How free school choice increases segregation
Professor Edith Hooge believes it is too shortsighted to dismiss the debate about the prevalence of segregation in education with a reflexive nod to the value of free school choice.
Image: © Nationale Beeldbank
Before Ascension Day two so-called “black” primary schools in Amsterdam sent their mostly non-white pupils out on the streets wearing white T-shirts featuring the text "Is this white enough for you?” on the front and "Every child has the right to integrate" on the back.
It was a provocative action aiming to highlight the problem of segregation. The pupil numbers at both schools are declining and the schools will soon have to close. The reason why parents choose other schools in the area is not the poor quality of teaching at those schools but the fact that they have too many “black” children, says the school board. Both “white” and “black” parents with a higher level of education and socio-economic status see this as a drawback, associating it with the poor quality of education and backwardness.
Segregation in education is not a recent phenomenon. Up until about the 1970s the segregation in education followed ideological and socio-economic lines. In later decades, as immigrants' children went to school, segregation became literally “colored,” because it was also based on ethnic-cultural differences. Because (often non-white) immigrants are overrepresented in the lower social groups of society, “black” has become synonymous with a lower socio-economic background and a lower level of education.
The reason for segregation in education is not just because schools reflect a homogeneous district population, it is also the (indirect) result of schools' admission practices. Segregation is mainly due to parental choice. The better the education of parents, the higher their socio-economic status, the broader their social networks, the better they can inform themselves, and the more consciously and actively they choose a school for their children. It is precisely the free school choice, as guaranteed by the Dutch constitution, that contributes to segregation in mixed neighborhoods. Parents from higher social classes actively choose and consciously send their children to “white” schools. This leaves children from the lower echelons of society behind in “black” schools.
Better working and learning together
What exactly is wrong with segregation in education? Apart from emotional or politically motivated arguments, it is worth taking stock of what we know about this phenomenon.
Research in the Netherlands and abroad shows that segregation in education does not undermine the learning outcomes in literacy and numeracy, for example. In other words, children learn as much and as well at “black,” “white” or “mixed” schools.
But there is a difference in the social development of children. It appears that children in mixed schools learn to work together better, to empathize better, and to use different perspectives better than in segregated schools. You could say that children learn how to “live together” less well in a segregated educational system.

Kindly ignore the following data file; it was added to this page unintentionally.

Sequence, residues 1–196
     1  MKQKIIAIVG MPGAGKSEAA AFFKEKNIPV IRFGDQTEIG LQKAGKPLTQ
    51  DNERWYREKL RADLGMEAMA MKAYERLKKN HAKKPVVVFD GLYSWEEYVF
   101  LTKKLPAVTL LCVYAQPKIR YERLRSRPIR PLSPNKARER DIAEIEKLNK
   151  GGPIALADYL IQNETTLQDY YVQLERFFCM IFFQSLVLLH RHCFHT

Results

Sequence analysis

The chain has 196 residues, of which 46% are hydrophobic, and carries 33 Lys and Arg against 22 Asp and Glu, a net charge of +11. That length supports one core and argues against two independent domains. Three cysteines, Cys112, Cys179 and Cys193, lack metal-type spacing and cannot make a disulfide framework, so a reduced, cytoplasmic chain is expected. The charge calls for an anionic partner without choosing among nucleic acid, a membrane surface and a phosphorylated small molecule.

Is that a bad thing? It is for those who believe that social cohesion is important if we want to have a stable, prosperous society. It seems that, in 2015, such social cohesion is slowly but steadily declining. Social inequality in the Netherlands is, perhaps, not as bad as in the United States, where children grow up in a world that is segregated along all lines: housing, social networks, health, education, work, income, and so on. In his new book “Our Kids,” Robert Putnam describes how children from higher social classes start with a substantial advantage and are stimulated and helped in a variety of ways, including by their "white" schools. While children from the underclass (and their number is increasing) are left far behind and need to overcome many hurdles before they can “make it” on their own.
How bad is segregation?
The Netherlands are also increasingly characterized by what the Institute for Social Research (SCP) and the Scientific Council for Government Policy (WRR) recently described as an “uncomfortable” socio-cultural divide between people with lower and higher levels of education, where the already significant social distance increases further instead of decreasing and both groups avoid each other. The fact that the descendants of migrant workers from the 1960s are still overrepresented in the lower social classes also adds an ethnic-cultural dimension to these contrasts.
All this gives plenty of food for thought about how “bad” we should consider the persistent segregation in our education system. It would be too shortsighted to dismiss the debate with a reflexive nod to the value of free school choice. Other social values, such as justice or equality, also deserve to be taken into consideration at this juncture. It takes courage for the government and politicians to explicitly consider these values in the public debate on segregation in education.